Object of the Day

Three-piece second-day dress, brick-red wool, 1882

Mary Matilda Hancock and Frederick Wm. Watkin were married in New York City in 1882. This three-piece, brick-red, wool dress – a shaped-fitted, basque bodice with pointed peplum, a long gored skirt with overlapping ruffles, and a pouffed overskirt – would have made a wonderful impression when Mr. and Mrs. Watkin embarked on their honeymoon.

This three-piece dress was part of Mary’s trousseau. The word trousseau came from the French word ‘trousse’ which means ‘bundle.’ The Trousseau originated as a bundle of clothing and personal possessions the bride brought with her to her new home. In America, a girl might begin preparing her trousseau from an early age, saving treasured items (including clothing and household linens made by herself or given to her) in a Hope Chest to be stored for her married life. Among a bride’s trousseau would be the dresses and lingerie she would wear right after the wedding and on her honeymoon.

A Second-day dress was a semi-formal dress the new bride would wear when the newlyweds were visiting relatives and friends, or receiving guests in their new home. The second-day dress or suit was usually more modest in style and ornamentation than the wedding gown. It would be worn on special occasions and Sunday church services for years to come. A bride might also wear a going-away suit when she and her husband left for their honeymoon, serving the same function as the Second-day dress.

Original metal buttons have a moon and stars motif.

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Ask A Curator Day!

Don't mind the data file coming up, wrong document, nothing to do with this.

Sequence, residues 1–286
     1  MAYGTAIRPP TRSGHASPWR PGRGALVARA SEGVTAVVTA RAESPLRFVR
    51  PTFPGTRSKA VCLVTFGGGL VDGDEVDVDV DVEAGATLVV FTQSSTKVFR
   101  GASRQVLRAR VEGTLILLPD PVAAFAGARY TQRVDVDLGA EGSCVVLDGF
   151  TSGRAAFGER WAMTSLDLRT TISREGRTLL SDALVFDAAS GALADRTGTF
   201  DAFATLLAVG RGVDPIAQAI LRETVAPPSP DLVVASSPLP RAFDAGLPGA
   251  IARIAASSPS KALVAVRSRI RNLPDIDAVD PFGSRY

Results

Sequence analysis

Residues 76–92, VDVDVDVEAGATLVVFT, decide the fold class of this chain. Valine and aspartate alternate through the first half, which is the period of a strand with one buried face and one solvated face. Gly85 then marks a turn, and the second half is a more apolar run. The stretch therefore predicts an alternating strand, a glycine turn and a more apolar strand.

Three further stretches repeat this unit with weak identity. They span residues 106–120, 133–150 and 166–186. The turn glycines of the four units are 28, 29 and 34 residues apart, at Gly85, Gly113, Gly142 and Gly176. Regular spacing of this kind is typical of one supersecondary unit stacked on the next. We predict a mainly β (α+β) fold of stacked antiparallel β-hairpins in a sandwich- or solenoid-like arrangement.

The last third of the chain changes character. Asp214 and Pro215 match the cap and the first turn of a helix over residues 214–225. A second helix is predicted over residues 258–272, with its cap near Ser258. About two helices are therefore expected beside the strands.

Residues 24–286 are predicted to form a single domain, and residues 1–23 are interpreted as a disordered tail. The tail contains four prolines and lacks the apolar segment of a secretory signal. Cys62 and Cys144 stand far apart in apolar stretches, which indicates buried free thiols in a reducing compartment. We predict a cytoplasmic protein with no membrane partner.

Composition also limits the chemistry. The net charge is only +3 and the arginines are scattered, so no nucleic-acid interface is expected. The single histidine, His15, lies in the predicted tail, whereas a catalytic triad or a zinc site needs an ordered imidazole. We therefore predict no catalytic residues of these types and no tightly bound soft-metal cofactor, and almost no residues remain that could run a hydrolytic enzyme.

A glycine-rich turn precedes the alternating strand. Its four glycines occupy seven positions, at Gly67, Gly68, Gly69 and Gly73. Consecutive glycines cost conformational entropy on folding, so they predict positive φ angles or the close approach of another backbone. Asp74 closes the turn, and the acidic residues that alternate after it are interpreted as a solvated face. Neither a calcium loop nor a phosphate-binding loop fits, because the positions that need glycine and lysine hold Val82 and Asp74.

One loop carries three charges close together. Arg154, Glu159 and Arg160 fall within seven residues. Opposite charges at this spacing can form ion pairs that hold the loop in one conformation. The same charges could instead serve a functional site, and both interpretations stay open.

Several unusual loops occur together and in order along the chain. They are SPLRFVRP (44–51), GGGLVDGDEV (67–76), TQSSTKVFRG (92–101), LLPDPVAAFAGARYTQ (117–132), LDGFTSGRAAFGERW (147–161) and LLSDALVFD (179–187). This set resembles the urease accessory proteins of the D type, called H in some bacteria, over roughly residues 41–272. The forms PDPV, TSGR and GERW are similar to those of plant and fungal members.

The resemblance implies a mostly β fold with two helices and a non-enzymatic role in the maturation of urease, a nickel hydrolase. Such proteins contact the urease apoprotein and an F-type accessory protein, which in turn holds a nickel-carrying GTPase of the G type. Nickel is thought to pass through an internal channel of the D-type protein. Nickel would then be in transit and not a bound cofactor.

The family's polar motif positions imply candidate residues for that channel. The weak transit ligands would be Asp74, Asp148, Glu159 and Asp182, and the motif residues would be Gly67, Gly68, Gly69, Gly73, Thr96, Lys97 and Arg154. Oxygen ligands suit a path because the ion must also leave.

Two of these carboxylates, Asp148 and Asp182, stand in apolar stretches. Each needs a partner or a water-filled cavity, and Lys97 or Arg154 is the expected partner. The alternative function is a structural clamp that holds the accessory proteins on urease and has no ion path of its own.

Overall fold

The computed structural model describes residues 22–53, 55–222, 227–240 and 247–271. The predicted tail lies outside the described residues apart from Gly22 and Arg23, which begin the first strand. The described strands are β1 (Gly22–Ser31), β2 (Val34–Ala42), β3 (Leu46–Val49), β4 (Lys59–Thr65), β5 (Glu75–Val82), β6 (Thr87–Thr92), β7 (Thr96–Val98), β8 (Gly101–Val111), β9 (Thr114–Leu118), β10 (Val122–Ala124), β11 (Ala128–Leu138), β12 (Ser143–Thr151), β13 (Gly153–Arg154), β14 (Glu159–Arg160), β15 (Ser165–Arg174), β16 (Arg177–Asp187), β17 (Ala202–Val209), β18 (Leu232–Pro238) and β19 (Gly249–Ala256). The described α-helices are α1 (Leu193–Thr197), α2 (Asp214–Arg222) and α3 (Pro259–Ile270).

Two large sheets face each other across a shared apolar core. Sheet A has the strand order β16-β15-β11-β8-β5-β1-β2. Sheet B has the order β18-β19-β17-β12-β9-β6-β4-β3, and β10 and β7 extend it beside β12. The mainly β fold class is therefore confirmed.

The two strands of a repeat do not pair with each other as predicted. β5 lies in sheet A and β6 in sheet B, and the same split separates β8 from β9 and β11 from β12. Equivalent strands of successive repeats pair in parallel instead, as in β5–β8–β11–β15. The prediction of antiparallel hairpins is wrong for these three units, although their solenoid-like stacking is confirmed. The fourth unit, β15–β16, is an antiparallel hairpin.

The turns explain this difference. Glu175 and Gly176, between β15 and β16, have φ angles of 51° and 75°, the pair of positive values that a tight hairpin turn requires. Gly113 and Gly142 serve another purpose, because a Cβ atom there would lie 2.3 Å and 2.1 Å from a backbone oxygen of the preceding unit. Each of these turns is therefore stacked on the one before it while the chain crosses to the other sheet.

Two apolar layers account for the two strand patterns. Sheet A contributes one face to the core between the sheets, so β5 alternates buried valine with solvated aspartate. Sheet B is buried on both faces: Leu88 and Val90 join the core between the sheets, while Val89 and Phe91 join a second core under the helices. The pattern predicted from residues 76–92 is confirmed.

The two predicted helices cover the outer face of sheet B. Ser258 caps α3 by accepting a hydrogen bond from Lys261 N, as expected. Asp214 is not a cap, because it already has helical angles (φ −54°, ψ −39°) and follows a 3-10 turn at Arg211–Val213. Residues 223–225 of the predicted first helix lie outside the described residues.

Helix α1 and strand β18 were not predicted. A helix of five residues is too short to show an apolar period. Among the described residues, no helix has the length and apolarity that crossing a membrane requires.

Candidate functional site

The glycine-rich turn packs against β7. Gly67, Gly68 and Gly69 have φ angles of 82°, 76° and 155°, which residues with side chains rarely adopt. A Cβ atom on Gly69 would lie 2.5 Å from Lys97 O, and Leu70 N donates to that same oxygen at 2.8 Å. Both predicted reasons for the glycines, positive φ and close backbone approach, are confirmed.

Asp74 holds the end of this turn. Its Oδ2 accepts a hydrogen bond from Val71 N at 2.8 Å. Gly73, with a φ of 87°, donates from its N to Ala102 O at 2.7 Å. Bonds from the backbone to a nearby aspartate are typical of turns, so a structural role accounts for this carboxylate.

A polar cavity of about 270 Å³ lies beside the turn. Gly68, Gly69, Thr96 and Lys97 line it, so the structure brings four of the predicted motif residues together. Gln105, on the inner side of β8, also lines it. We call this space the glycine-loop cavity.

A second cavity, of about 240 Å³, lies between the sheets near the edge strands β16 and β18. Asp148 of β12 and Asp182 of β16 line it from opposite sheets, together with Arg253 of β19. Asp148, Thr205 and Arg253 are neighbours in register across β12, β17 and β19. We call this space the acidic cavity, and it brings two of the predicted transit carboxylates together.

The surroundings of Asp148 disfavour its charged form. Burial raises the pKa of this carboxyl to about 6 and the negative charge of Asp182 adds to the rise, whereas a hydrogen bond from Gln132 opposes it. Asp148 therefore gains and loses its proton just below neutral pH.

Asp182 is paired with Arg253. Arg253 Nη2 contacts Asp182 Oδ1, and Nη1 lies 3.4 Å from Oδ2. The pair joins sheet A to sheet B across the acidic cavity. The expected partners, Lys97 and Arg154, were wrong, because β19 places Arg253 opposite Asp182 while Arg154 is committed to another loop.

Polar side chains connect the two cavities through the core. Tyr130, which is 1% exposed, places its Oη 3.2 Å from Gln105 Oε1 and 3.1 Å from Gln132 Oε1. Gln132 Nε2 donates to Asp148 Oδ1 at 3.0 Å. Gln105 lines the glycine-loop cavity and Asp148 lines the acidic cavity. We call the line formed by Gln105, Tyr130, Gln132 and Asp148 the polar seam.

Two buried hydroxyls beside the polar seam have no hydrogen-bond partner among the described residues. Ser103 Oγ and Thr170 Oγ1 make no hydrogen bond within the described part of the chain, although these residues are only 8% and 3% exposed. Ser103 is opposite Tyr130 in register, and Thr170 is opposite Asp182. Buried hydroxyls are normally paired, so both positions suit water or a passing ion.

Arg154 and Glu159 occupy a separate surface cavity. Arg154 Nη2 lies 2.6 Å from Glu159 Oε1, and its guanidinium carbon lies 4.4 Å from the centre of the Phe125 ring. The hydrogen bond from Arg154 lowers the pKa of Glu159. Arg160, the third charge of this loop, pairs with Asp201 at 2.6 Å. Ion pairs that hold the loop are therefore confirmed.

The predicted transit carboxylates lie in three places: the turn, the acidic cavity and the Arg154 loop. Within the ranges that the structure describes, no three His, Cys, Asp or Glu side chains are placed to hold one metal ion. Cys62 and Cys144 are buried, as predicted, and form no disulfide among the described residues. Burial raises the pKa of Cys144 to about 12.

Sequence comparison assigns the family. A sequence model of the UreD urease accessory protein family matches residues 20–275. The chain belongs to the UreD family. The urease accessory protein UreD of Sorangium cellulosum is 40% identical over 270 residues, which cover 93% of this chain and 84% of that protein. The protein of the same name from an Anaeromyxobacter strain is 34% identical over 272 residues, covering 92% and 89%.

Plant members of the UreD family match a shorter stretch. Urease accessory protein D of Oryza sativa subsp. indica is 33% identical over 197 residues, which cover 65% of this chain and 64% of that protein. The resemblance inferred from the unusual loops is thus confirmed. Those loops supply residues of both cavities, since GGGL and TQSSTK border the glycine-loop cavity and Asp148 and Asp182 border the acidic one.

Today is Ask A Curator Day! In this spirit, the E&T Division curator and staff will participate by answering questions (as best we can!) about our collections here at the Museum of Texas Tech University.

To get things started, the images below display a corset and bustle hoop form dating from the 1880’s.  Because these items are no longer worn in modern fashion, they are objects of curiosity that many have never seen before.

Although the petticoats would go over the wire hoops, this is how these items would be worn together.  The corset creates and keeps a small waisted, hourglass form that was fashionable.  The bustle hoops buckle at the waist, and support a skirt with its shape; flat in the front, bustled at the back, and flared at the bottom.

The corset is tightened and tied in the back, but clasps in the front to easily dress.  The small hook shown above hooked over the petticoat waist to prevent it from riding up.

This bustle form was worn under a brown dress made for Ms. Rhoda Shields when she was 16 years old, around 1884.  Sadly, she later died three weeks apart from her sister (Mrs. Sophronia Shields Rogers) during an epidemic.

Please leave your comments about these objects, or any other inquiries about our collections!

 

Object of the Day

Two Piece, Silk Brocade and Taffeta Reception Gown, 1875-1880

This silk brocade and taffeta gown was made in the fashion of the early 1870s. It was made in Michigan and brought to Texas by the daughter of a lumber merchant. Some of the features of the dress are the asymmetrical draping on the overskirt, the trim of poufs around the bottom front of the skirt, shirring and knife pleating on the bottom back of the skirt and the crochet-covered iridescent pearls buttons.